Cheap-n-dirty shelving for concrete wall?

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Any hardware or supply store catering to farmers and ranchers will have them. Plain vanilla heavy duty metal utility shelf brackets, that can support 12" shelfs and be nailed or screwed off to any convenient framing member. Ususally a strange sort of cream color paint, for some reason. I hung dozens of them as a kid.
aem sends...
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wrote:

Over the years, I've come up with various solutions when I'm building shelves... One solution was to put a 2x4 securely attached to at least every other stud in the wall so that I have a good surface to attach other things to... I'll then put a 2x4 along the back of where the shelves are to be located so that it will support the rear edge of the plank... This gives a 1.5" gap in the rear of the shelf between it and the wall... Using a 2x4 for the rear shelf support also gives you a good surface area to put pegs / nails in to use to hang various tools... For the lower shelves, I'll use 6" cedar fence planks... They're plenty deep enough for most cans and small items... I'll use 12" planks for the upper shelves (i.e. above head height)... These are wide enough to be able to hold 5g cans paint and such... For the lower cedar shelves, I'll cut a 45 degree right triangle out of a 2x4 and glue and nail it to the rear 2x4 and cedar shelf... For the light stuff, this isn't really needed, but I want to be safe... The shelf is glued and either nailed or screwed along the rear edge...
Although you get more strength in compression than in tension, I have designed shelves that used small wire rope attached to front of the shelf and angled back to the vertical 2x4 that is attached to the rear wall...
Another solution that I came up with at one time was to make my own shelf brackets out of 1/2" square steel bar or angle iron... In some ways, angle iron is easier since you don't need to weld any attachment plates onto the back of it or drill holes through 1/2" of steel... Personally, I believe that I should at least be able to suspend all of my weight from a shelf without it breaking... Steel bar and angle iron are fairly cheap when you buy them from a steel supply shop... You definitely don't want to go to Home Depot or Lowes for this... The steel supply shops sell it in 20 ft lengths, but they'll do rough cuts for you so that you can fit it in your vehicle if necessary... For the steel bar solution, I start with a piece of bar that is the depth of the shelving plus the distance from the bottom of one shelf to the top of the shelf that is below it... I then put this piece of steel bar into a bender and bend it at a 90 degree angle at the same distance from the end as the shelf is deep... At this point, you need a way to attach it to the wall and shelf, so I either drill 2 holes in the vertical and horizontal portions (i.e. 4 holes total), or I cut out 4 thinner metal rectangles (about 1.5" x 3/4") to which I weld / braze these to the back of the bracket... I usually use 1/8" metal for these or whatever I happen to have around the shop... With a 1.5" wide piece of metal, you end up with a 1/2" tab on each side of the bar to which you can drill a hole and attach a screw... At this point, you have an "L" shape bracket with tabs welded near the top & bottom of the vertical support and tabs welded near the front & back of the horizontal shelf support... At this point, I measure the distance from the ends of the "L" and cut 2 pieces of 1/2" steel bar of that length plus about an extra half inch or so... These pieces will become the angled support members... I place them on the sides of the "L" shape and weld / braze them in place... I then take an angle grinder and grind them flush with ends of the "L" portion of the bracket...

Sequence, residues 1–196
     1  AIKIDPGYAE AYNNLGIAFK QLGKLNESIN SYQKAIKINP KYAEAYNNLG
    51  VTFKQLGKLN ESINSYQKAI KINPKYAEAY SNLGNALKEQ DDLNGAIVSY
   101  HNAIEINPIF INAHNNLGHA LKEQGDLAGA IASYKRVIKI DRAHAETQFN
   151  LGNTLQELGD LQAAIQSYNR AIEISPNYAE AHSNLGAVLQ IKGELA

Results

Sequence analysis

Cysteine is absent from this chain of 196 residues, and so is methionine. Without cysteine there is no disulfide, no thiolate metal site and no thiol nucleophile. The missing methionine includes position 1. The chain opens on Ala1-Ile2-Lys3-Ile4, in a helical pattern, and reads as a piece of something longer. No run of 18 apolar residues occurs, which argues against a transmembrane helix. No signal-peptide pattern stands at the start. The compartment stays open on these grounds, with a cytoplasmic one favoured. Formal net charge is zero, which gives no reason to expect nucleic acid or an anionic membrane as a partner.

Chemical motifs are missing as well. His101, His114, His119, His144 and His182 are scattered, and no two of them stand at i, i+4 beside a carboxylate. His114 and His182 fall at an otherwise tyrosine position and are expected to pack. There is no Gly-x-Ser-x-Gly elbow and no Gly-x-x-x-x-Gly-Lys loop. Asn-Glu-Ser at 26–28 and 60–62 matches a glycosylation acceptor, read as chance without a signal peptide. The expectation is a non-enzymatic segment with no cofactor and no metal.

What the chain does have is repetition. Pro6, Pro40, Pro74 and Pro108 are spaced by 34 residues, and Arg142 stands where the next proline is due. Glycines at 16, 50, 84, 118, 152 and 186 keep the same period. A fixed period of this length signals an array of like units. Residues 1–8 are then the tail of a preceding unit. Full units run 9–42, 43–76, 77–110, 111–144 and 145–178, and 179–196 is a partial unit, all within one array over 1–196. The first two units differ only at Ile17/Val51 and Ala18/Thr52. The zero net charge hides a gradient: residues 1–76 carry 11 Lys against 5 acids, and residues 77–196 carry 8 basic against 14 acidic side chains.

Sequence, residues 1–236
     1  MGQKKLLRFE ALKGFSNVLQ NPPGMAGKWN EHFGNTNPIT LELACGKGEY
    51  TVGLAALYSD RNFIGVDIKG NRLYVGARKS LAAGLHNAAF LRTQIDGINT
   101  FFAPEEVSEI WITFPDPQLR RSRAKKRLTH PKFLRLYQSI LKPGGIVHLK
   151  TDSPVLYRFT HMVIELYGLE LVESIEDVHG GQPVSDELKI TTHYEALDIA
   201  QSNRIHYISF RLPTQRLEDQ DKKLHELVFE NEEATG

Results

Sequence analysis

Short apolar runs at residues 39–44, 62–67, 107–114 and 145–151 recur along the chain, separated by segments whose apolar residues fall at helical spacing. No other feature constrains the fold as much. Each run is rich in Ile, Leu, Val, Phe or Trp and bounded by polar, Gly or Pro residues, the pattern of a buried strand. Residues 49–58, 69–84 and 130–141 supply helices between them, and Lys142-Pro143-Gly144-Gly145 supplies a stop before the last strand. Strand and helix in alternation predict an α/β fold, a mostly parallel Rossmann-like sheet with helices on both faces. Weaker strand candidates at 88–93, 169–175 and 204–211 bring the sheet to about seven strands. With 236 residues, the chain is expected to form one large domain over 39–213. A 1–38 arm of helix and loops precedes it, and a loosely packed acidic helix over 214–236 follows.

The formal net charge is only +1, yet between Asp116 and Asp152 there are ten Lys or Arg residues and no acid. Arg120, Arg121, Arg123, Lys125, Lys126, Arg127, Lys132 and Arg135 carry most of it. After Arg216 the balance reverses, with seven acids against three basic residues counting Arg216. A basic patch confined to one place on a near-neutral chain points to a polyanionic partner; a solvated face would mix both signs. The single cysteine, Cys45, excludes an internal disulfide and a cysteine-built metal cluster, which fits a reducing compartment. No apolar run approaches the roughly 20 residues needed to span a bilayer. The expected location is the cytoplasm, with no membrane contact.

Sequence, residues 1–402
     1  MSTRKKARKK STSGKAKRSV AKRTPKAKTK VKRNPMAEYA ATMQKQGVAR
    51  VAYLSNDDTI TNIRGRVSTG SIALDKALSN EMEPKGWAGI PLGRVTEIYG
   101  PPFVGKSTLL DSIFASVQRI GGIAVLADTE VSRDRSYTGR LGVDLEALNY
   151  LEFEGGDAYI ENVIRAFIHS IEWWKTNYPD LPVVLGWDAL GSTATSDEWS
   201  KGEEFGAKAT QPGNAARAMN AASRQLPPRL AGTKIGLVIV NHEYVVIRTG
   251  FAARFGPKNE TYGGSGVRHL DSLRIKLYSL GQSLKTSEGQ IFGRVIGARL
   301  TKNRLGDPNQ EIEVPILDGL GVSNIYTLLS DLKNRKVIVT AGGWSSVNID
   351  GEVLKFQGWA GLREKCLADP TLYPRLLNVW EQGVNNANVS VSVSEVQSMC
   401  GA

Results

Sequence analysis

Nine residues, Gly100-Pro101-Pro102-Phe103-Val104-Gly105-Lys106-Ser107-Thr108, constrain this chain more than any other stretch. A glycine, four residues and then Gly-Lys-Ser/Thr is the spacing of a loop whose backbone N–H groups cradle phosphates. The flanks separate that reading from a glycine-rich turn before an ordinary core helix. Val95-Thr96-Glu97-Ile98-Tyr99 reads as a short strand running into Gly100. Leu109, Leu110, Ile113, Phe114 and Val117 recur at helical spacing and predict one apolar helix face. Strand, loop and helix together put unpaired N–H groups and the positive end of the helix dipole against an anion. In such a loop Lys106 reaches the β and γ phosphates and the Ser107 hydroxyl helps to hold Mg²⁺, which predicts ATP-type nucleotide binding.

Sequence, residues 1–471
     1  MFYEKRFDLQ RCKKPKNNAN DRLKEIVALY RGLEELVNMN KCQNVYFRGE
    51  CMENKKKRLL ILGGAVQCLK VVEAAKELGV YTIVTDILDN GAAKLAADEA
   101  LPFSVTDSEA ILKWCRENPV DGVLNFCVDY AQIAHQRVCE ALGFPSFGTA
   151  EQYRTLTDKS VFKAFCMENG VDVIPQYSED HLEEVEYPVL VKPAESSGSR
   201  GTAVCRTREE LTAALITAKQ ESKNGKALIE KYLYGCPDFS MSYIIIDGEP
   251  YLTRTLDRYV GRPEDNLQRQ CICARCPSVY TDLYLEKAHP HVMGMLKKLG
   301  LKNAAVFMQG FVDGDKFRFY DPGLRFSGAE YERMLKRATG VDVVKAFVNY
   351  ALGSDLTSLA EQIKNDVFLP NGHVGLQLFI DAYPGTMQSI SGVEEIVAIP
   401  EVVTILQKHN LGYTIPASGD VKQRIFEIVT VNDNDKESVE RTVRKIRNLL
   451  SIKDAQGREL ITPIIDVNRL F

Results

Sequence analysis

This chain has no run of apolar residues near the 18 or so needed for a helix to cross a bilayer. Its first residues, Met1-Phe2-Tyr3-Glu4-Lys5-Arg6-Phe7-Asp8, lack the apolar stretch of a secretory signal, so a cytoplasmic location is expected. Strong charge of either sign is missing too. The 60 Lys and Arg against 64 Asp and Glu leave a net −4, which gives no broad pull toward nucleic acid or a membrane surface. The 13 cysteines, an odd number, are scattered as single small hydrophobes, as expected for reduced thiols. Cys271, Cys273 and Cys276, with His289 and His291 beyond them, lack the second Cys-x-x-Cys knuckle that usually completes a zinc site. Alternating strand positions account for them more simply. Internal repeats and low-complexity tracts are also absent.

I have also made brackets out of 1/2" square bar with 2 of the "L" shapes and a single 1/2" square bar running between the ends as the angle support... With this solution, you still have 1.5" tabs, but instead of putting a screw on each side of the bracket, you have a space to put a single screw in the center of the bracket...
Of course you could use 1/2" square tubing instead of square bar, but the cost of the tubing is nearly as much as the square bar, so I don't see a real advantage to it...
With the angle iron solution, you basically just need to cut notches in the angle iron, bend it at the notches, and weld the ends of the notches together... You also need to drill some holes in the non-notched areas of the angle iron for attachment to the wall or shelf... If you have a angle iron notch cutter, this is a very quick and easy solution... Personally, I like the look of the 1/2" steel bar brackets... Being made from 1/2" steel bar, they'll virtually last *forever*...
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